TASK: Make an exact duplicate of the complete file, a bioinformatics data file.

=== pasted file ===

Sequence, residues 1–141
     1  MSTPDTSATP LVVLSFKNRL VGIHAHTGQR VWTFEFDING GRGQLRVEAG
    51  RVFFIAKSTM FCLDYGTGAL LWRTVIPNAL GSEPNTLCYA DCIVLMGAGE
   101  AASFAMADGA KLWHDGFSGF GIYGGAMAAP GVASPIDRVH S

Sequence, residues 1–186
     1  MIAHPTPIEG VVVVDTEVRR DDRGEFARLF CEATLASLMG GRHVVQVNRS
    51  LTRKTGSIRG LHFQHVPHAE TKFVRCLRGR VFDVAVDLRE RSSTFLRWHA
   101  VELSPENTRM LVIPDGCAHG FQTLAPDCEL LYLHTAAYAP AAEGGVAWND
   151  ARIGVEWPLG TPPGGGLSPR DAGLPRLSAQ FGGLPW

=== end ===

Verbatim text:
Sequence, residues 1–141
     1  MSTPDTSATP LVVLSFKNRL VGIHAHTGQR VWTFEFDING GRGQLRVEAG
    51  RVFFIAKSTM FCLDYGTGAL LWRTVIPNAL GSEPNTLCYA DCIVLMGAGE
   101  AASFAMADGA KLWHDGFSGF GIYGGAMAAP GVASPIDRVH S

Sequence, residues 1–186
     1  MIAHPTPIEG VVVVDTEVRR DDRGEFARLF CEATLASLMG GRHVVQVNRS
    51  LTRKTGSIRG LHFQHVPHAE TKFVRCLRGR VFDVAVDLRE RSSTFLRWHA
   101  VELSPENTRM LVIPDGCAHG FQTLAPDCEL LYLHTAAYAP AAEGGVAWND
   151  ARIGVEWPLG TPPGGGLSPR DAGLPRLSAQ FGGLPW